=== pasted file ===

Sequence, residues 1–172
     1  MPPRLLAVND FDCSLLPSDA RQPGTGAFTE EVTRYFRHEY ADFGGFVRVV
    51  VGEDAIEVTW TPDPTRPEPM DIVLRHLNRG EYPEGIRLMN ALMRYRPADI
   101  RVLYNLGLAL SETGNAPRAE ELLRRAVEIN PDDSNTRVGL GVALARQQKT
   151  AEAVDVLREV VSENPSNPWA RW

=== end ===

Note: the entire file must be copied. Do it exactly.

Sequence, residues 1–172
     1  MPPRLLAVND FDCSLLPSDA RQPGTGAFTE EVTRYFRHEY ADFGGFVRVV
    51  VGEDAIEVTW TPDPTRPEPM DIVLRHLNRG EYPEGIRLMN ALMRYRPADI
   101  RVLYNLGLAL SETGNAPRAE ELLRRAVEIN PDDSNTRVGL GVALARQQKT
   151  AEAVDVLREV VSENPSNPWA RW